Earnings for the first quarter saw revenue fall by nearly 36% year-over-year to $11.7 billion. Its net loss was $2.8 billion, or 66 cents per share, the biggest quarterly loss in company history.
The company also posted a loss of 4 cents per share. A year ago, Intel had a net profit of $8.1 billion and $1.98 per share.
Those are difficult numbers to digest. It’s no wonder that INTC stock is down 32% in the last 12 months.
Intel is trying to turn things around, and it has an ambitious plan to turn its factories into foundries that can make chips for other companies, but that work will take time.Intel is targeting 2026 as a goal in which it will compete for high-profile work.
That’s too long to hold onto a stock that’s retrenching. INTC stock has an “F” rating in the Portfolio Grader.
Formerly known as Hewlett-Packard, HP (NYSE:HPQ) makes personal computers, printers and printer supplies. It also works in the 3D printing space.
But it’s been a tough few months for HP, as global PC shipments dropped by more than 28% in the fourth quarter of 2022, followed by a drop of 29% in the first quarter of this year.
In the fiscal fourth quarter, HP’s sales fell by 11.2% overall, with notebook sales dropping by 26% and desktop sales falling by 3%.
The company’s fiscal first quarter of 2023 wasn’t any better. HPQ saw its revenue fall nearly 19% year over year to $13.83 billion, while analysts expected revenue of $14.17 billion. Its PC shipments dropped by 24% in the quarter.
The bottom line is that computer makers like HP are being hurt by weaker demand and too much inventory, a situation expected to continue potentially into the third quarter of the year, the Wall Street Journal reported.
I’m not saying that HP is a bad company, but as far as May goes, it’s a tech stock to avoid. HPQ has a “D” rating in the Portfolio Grader right now.
Micron Technology (MU)
Micron Technology (NASDAQ:MU) is another semiconductor stock that’s fallen on more challenging times.
As recently as January 2022, the stock was nearly $100 per share, but today it barely touches $60.
It’s also failing to gain market share. In fact, it is losing ground in the lucrative semiconductor space. Last year, Micron had a global market share of 4.6%. It hasn’t been over 5% since 2018, when it had a 6.3% market share.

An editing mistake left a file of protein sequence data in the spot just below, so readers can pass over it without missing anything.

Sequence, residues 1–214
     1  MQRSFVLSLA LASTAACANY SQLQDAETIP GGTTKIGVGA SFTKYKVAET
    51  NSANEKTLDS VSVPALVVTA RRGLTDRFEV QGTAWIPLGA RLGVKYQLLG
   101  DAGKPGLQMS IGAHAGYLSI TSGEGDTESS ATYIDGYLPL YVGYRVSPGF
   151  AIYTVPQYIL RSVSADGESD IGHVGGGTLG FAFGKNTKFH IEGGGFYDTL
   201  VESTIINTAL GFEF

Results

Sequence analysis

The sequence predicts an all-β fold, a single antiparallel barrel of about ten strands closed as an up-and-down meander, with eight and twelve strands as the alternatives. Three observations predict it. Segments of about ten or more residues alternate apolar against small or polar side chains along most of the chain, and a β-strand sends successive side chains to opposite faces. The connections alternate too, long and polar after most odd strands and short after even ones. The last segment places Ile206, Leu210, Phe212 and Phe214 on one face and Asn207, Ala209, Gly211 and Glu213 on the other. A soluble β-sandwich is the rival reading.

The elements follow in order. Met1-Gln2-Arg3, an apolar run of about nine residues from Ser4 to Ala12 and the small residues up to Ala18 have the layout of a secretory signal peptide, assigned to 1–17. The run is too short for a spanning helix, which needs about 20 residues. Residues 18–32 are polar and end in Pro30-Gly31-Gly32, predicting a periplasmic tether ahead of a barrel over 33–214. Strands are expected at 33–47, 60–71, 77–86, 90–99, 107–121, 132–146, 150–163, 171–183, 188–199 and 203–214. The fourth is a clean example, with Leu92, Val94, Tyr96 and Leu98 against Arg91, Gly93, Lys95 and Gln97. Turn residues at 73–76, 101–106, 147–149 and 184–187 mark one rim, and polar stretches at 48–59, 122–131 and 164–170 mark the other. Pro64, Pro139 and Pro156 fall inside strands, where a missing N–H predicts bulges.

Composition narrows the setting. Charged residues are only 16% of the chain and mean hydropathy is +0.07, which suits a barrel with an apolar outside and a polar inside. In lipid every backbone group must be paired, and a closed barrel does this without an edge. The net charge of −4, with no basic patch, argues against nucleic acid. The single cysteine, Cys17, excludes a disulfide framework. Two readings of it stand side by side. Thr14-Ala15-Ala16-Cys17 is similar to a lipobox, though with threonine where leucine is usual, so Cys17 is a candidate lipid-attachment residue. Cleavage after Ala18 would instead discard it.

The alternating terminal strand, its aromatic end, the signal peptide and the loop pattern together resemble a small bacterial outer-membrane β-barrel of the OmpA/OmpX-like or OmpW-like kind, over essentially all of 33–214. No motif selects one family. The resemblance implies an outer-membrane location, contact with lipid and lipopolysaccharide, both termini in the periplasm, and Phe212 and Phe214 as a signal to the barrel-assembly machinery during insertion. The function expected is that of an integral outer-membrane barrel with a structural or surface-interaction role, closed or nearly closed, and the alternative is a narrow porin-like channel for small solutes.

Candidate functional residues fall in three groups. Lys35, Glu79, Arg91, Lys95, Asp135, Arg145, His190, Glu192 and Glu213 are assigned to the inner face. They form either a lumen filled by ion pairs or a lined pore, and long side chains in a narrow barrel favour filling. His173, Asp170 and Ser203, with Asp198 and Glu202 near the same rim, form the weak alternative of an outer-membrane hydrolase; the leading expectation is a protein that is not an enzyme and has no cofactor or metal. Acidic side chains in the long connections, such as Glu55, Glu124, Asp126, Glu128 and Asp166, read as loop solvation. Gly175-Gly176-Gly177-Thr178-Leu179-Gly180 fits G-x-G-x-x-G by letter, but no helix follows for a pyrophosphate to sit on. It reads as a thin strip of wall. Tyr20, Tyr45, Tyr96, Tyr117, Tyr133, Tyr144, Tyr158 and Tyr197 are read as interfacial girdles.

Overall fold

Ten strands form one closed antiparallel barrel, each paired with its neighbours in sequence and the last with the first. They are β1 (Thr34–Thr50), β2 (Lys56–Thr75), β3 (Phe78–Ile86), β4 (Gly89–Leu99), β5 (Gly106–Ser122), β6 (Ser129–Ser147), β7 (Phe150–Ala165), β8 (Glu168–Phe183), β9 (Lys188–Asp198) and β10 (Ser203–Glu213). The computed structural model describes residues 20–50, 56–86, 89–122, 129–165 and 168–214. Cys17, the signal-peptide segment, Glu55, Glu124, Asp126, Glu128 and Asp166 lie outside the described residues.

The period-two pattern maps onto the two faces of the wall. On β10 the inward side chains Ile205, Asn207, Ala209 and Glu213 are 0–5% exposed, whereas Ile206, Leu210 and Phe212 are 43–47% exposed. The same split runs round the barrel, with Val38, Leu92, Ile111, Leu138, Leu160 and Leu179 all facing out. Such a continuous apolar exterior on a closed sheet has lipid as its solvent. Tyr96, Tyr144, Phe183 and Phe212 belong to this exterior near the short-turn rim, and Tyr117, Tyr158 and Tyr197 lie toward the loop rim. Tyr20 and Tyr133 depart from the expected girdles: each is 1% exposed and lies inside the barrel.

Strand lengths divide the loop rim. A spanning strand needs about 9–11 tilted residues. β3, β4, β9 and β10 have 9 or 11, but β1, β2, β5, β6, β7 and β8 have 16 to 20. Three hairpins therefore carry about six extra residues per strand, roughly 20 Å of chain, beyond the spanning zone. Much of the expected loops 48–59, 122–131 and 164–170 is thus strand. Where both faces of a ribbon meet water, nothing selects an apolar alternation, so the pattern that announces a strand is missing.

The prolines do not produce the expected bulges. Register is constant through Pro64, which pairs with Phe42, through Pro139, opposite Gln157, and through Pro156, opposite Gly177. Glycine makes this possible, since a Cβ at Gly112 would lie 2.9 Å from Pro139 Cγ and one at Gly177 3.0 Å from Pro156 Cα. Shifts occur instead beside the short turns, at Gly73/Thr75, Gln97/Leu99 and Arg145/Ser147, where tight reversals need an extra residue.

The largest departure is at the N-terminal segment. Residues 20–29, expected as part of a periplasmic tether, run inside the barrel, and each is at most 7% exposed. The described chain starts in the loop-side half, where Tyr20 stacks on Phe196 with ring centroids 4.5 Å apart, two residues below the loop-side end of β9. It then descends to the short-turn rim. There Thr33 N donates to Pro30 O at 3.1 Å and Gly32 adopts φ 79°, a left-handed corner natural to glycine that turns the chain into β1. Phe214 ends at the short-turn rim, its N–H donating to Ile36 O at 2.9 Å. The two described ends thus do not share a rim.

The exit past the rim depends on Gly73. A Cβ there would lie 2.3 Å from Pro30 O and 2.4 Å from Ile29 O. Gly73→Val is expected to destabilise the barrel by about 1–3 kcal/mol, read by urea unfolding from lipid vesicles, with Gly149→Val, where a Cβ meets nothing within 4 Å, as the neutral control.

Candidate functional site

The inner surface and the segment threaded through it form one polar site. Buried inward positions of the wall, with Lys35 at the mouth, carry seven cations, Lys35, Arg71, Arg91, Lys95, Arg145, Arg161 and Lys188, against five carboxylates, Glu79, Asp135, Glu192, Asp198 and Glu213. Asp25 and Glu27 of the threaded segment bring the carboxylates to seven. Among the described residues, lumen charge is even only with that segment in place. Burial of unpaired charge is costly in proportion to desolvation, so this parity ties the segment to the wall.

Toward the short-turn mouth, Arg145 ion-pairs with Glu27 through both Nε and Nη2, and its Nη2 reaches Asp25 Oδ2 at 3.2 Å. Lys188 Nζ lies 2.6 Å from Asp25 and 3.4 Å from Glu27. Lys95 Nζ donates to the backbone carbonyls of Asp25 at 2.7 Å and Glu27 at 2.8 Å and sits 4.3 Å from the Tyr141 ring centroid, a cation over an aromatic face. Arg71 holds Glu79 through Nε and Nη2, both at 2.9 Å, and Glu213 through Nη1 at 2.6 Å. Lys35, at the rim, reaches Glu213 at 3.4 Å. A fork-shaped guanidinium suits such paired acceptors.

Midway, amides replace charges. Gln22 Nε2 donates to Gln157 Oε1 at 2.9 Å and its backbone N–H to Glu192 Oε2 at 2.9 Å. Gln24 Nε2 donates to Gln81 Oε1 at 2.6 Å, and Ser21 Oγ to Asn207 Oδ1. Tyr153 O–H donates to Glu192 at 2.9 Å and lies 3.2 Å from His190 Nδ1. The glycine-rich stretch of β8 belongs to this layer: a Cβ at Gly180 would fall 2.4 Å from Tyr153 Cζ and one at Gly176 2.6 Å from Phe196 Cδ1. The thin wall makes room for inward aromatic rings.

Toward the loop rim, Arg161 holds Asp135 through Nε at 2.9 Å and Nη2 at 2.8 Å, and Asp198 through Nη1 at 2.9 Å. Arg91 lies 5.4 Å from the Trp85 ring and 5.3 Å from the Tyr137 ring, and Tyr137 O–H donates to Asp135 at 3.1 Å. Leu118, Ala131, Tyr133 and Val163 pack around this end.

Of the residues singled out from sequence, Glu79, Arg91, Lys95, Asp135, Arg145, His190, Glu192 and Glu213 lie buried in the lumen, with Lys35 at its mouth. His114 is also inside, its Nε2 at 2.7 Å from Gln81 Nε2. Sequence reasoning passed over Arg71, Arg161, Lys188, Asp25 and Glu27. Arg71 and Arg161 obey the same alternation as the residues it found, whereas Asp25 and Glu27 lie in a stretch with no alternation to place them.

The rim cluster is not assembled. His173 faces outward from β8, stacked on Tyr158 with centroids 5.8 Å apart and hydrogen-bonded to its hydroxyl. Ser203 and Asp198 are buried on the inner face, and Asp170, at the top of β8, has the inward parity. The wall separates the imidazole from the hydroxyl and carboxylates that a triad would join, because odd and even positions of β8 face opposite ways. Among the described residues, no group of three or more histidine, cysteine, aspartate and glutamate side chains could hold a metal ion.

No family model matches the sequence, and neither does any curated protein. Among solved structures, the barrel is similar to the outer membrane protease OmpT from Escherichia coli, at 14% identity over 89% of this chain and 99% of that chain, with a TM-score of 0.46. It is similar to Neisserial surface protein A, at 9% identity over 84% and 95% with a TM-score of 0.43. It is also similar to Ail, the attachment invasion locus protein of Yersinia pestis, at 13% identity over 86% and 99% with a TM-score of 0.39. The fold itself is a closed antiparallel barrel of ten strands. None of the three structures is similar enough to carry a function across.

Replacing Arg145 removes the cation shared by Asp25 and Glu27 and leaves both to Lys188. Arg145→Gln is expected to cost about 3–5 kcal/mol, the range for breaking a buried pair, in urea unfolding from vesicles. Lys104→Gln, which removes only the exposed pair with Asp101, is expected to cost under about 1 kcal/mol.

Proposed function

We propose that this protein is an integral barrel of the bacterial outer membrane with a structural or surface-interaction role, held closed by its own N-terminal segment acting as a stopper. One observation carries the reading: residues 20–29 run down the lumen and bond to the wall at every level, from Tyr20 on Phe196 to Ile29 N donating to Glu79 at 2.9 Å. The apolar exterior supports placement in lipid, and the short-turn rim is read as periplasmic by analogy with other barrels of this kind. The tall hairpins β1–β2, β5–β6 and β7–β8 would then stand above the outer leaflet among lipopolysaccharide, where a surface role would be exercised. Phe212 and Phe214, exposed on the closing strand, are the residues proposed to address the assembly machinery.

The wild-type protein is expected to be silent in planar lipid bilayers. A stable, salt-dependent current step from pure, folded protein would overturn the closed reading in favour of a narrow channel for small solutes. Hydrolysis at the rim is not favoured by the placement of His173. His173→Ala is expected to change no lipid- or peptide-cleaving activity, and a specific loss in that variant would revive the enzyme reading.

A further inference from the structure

Earnings for the company’s fiscal second quarter raised plenty of red flags. Revenue of $3.69 billion dropped 52% from a year ago and came in less than analysts’ expectation for $3.71 billion. The company lost $1.91 per share, while Wall Street expected an EPS loss of only 88 cents per share.
Micron’s being lapped by the competition, and nothing will change in May. MU stock has a “D” rating in the Portfolio Grader.
Western Digital (WDC)
Western Digital (NASDAQ:WDC) makes computer data storage devices, including hard drives, flash drives and enterprise storage platforms.
It’s suffering from the same headwinds as HP—bloated inventories and a drop in demand. Benchmark Analytics notes companies like Western Digital will be affected into 2024 by a decline in NAND flash drive pricing and high NAND inventory levels.
Western Digital reports first-quarter earnings in May, and Wall Street hopes for an improvement from its December report. The company then posted revenue of $3.11 billion, a fall of 35.7% year-over-year.
Also, note that Western Digital is reportedly talking to Kioxia Holdings about a deal that could see Western spin off its flash business. The talks seem in response to activist investor Elliott Management, which proposed last year that Western Digital split into two companies.
WDC stock is down 24% in the last three months, and I expect it to stay there for a while until inventories correct themselves. WDC stock has a “D” rating in the Portfolio Grader.
On the date of publication, Louis Navellier held MU. He did not hold (either directly or indirectly) any other positions in the securities mentioned in this article.
On the date of publication, the InvestorPlace Research Staff member primarily responsible for this article did not hold (either directly or indirectly) any positions in the securities mentioned in this article.